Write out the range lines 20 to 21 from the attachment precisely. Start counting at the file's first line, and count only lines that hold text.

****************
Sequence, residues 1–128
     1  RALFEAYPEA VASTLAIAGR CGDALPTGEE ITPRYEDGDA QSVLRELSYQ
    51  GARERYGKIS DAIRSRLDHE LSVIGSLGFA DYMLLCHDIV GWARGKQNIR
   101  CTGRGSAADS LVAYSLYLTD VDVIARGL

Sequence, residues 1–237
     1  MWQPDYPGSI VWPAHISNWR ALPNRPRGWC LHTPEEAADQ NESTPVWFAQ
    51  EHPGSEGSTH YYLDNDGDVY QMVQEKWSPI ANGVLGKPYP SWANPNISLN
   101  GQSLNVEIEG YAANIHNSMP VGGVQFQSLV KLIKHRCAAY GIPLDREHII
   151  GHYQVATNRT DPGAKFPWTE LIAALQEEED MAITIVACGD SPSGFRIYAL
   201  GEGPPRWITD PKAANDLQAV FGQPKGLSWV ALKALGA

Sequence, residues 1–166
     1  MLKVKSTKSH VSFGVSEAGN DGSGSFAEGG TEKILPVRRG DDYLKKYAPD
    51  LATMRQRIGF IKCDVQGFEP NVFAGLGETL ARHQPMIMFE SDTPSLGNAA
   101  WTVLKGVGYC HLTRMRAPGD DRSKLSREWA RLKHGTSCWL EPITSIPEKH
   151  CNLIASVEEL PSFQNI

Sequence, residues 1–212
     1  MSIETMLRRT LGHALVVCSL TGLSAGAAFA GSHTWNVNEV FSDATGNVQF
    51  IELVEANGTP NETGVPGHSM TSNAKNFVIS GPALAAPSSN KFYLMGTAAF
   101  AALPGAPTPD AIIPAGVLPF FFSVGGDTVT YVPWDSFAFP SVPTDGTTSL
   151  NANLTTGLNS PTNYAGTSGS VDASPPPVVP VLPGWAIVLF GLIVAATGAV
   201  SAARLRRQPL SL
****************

   151  NANLTTGLNS PTNYAGTSGS VDASPPPVVP VLPGWAIVLF GLIVAATGAV
   201  SAARLRRQPL SL